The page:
Some 84 percent of Czech would like to decide on important local issues themselves rather than leave the decisions to elected politicians, according to a new poll by the CVVM agency released on Friday. Nearly 60 percent of people would also like to apply the same principle to issues of national importance. However, most of those polled said they would leave decisions concerning legislation and international treaties to politicians.
Top Czech tennis player Tomáš Berdych will miss the Davis Cup quarterfinals against Kazachstan next weekend. The 28-year-old player, ranked sixth in the world, said he could not play due to a shoulder injury he suffered during his US tour. The defending champions Czech Republic will rely on Radek Štepánek, who returns after a two-month break caused by neck surgery, along with Lukáš Rosol, Jan Hájek and Ivo Minář.
In a breakthrough ruling, a court in Prague has ordered an insurance firm to pay clients the full price of a package tour cancelled because the travel agency had gone bankrupt, the daily Mladá fronta Dnes reported on Friday. Despite the fact the agency had been insured, the Generali insurance firm only paid the clients 58 percent of the price, arguing the travel agency had been “under-insured”. But the court ruled the clients were entitled to full reimbursement. A spokeswoman for the insurance company said the firm was going to appeal the verdict.
Four people have been arrested in connection with the case of a missing Czech businessman believed to have been abducted in southern France in March of this year. Interpol officers on the case say 72-year-old Tomas Vlach who travelled to France to close a real estate deal was most likely abducted by the Czech clients he was dealing with. One of the men arrested reportedly met Vlach at Nice Airport on March 7. His family last heard from him when he confirmed having arrived safely in France but he never made it to his hotel. Another missing Czech entrepreneur disappeared under similar circumstances in 2008 and there has been no trace of him since.
The Czech Helsinki Committee for Human Rights has criticized conditions for inmates in police custody. In a report released on Friday, the group says that inmates are forced to stay in small cells, do not have enough space for their daily open-air exercise, and cannot wash themselves frequently enough. The report notes the Czech prison system is underfinanced. In reaction, deputy justice minister Daniel Volák said the report was compiled before New Year’s presidential amnesty when prisons were overcrowded. Mr Volák said the situation has since improved.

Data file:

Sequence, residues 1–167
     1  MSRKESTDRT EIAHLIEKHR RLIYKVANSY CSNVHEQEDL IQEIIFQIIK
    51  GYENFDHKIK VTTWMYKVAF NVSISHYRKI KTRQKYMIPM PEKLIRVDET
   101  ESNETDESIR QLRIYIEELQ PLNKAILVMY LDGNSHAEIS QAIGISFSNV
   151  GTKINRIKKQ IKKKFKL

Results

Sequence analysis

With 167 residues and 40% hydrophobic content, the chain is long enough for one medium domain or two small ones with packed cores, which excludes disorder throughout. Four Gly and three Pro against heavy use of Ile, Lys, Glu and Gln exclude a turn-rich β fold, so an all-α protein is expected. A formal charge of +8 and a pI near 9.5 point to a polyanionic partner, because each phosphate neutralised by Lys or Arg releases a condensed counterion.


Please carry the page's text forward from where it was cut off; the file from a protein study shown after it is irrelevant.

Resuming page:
28-year-old student Milan Bruncvík is set to become the first Czech to take part in the annual Oxford – Cambridge university boat race in the UK on Sunday, the news agency ČTK reported. Mr Bruncvík, who studies engineering at Cambridge University, is a former European rowing champion and competed at two Olympic Games. The oarsman said he was looking forward to the race which for him was a dream come true.
A woman was admitted to a Prague hospital with methanol poisoning on Friday, a spokesman for the facility said, the second such case registered in the Czech Republic this week. Some 40 people have died in the country since the outbreak of the methanol crisis last September. The police have meanwhile charged another five people for selling bootleg liquor on the black market. The country’s chief hygiene officer has again warned against drinking alcohol from unknown sources.
Czech spas will let go around 18 percent of their employees this year due to cuts to health care covering spa treatment, the Czech Association of Spa Resorts said on Friday. The Health Ministry believes the extent of insurance-covered spa treatment in the Czech Republic is excessive, and last year narrowed the number of diagnosis eligible for spa treatment, and also shortened the lengths of stays. This has lead to a 40- to 45-percent drop in the number of clients in the first two months of this year, the association said.
All presidential candidates filed their campaign accounts to the Czech Senate on Friday afternoon as required by law, the news agency ČTK reported. President Miloš Zeman was the last to file his documents which show his campaign owes three million crowns. His spokeswoman said all debts would be settled next week with contributions from his sponsors. Around six million is reportedly owed by another candidate, Jan Fischer. The deadline for filing the accounts expires on Saturday. The Senate’s mandate and immunity committee will have the accounts audited by a private firm; the candidates are also obliged by law to release the documents to the public.
The Czech Ministry of Transport on Friday asked drivers to keep winter tyres on their vehicles. Czech drivers are legally obliged to use winter tires until the end of March but the ministry said they should wait before replacing them with summer tyres as a spell of cold weather is expected in April.
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